...Scripture establishes well the practice of fasting from the flesh (both in the Old and New Testaments). So do the ancient texts of the Church. If these people who question abstinence would read the lives of the Saints and the Fathers, they would understand that, in challenging us for adhering to the Faith, they show their own utter lack of understanding of what they claim to believe. How can anyone have the gall to challenge Church customs without reading such basic discourses as those by St. John Chrysostomos, who, in his "On Virginity," clearly states that married couples should abstain from marital relations when fasting? In times past, a simple, uneducated village Priest would have been as familiar with this advice from one of the Great Hierarchs of the Church as he would have been with St. Paul’s statements on the subject in his First Epistle to the Church in Corinth or the similar words of the Prophet Joel. And one would be hard-pressed to argue that the witness of St. John Chrysostomos is somehow not ancient.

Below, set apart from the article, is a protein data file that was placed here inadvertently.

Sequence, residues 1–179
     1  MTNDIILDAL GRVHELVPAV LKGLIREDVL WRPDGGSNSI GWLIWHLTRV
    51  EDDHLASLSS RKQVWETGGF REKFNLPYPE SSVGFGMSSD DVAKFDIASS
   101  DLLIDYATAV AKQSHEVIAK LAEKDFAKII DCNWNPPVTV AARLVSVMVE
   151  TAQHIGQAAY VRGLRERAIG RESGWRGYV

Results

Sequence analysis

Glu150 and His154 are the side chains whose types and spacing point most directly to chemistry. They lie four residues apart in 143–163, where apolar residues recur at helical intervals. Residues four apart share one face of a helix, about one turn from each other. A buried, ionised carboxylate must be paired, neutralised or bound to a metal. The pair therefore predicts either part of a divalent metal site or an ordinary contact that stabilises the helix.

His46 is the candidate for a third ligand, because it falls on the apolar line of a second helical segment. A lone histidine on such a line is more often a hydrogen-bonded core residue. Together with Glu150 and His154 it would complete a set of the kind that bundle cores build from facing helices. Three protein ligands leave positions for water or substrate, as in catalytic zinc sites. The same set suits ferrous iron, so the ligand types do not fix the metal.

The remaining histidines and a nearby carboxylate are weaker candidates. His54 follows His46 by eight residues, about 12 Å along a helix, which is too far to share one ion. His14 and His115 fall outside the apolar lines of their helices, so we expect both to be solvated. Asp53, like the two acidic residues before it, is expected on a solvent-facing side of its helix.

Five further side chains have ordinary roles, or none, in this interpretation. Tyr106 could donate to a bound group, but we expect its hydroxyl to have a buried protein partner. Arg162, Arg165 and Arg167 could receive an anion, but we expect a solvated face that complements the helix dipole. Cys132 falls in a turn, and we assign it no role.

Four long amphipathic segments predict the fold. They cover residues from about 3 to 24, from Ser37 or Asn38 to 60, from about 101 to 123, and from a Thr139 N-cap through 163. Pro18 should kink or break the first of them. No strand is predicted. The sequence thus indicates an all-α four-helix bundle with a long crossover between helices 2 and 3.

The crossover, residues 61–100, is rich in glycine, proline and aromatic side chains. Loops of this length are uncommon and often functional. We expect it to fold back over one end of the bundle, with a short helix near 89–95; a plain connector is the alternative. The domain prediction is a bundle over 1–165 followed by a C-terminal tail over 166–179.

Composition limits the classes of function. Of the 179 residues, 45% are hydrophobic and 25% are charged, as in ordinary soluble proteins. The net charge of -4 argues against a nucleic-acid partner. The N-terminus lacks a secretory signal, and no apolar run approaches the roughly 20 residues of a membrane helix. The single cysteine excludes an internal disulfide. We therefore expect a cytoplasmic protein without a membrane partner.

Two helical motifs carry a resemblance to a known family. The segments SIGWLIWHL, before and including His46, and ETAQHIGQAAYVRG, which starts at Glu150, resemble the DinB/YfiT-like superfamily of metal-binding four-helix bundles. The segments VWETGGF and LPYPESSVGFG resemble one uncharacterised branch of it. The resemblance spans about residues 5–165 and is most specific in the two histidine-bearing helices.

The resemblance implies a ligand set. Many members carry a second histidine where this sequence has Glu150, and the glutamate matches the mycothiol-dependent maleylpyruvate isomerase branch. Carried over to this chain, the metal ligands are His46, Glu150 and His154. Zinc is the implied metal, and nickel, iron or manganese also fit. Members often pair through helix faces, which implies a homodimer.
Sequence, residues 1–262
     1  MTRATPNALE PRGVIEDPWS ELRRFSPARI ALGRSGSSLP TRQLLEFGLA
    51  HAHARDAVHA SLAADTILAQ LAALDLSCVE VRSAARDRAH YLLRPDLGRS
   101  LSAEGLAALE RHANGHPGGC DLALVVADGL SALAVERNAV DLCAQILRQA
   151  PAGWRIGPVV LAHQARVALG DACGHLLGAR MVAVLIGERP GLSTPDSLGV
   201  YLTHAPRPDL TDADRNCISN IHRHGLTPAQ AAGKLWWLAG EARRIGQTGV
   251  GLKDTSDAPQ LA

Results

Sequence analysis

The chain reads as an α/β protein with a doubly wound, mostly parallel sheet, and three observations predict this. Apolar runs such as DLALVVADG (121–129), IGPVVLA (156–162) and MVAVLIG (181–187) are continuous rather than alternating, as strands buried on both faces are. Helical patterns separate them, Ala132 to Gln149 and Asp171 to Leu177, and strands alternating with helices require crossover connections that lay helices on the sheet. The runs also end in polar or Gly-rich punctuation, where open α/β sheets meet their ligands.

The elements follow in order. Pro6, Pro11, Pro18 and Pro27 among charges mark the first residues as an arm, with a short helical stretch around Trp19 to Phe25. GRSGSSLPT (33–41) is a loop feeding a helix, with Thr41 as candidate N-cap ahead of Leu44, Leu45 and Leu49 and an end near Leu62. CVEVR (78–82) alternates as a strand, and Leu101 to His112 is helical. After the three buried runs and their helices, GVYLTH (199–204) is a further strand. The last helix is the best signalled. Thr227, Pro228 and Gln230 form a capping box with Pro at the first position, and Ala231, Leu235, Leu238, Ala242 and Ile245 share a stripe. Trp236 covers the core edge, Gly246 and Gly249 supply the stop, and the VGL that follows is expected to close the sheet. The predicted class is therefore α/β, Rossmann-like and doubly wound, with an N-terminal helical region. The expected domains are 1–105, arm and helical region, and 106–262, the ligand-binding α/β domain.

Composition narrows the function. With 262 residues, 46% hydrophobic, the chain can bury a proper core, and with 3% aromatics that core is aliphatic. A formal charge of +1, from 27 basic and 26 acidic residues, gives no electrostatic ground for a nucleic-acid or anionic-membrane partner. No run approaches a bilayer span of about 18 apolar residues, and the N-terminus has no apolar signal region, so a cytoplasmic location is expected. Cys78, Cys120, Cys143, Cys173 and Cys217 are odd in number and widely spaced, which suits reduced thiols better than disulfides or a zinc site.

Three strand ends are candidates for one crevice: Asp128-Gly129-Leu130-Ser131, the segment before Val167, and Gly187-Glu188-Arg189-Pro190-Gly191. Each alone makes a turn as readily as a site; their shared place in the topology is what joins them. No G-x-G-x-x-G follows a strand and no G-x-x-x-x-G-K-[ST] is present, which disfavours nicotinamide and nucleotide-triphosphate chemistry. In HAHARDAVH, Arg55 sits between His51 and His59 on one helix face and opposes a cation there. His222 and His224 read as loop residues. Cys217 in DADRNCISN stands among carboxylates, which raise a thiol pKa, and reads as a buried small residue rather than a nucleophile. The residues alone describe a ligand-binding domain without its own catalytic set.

Since they have also rejected our argument about the inspired and sacred nature of the Holy Canons, many modernists also ignore the canonical witness of Orthodoxy (when they are not using it in a legalistic way to justify their deviation from Holy Tradition). 

Hence, while it may be of little use in confronting those who war with Orthodoxy in the name of the Faith, you should note the canonical data in support of the ancient practice of fasting from the flesh: the commentary and notes on the sixty-ninth Apostolic Canon, which contain very enlightening and informative statements about fasting in general; the thirteenth Canon of St. Timothy, which, addressing fasting from the flesh on Saturday and Sunday, dates to the fourth century; regarding the clergy in particular, the commentary and notes to the thirteenth canon of the Sixth Œcumenical Synod; and any of the major canonical commentaries (such as those of Balsamon) that anyone daring to criticize the Church should at least have read thoroughly and carefully.

Friday, February 24, 2017

Sunday of Forgiveness (Cheesefare Sunday)


Introduction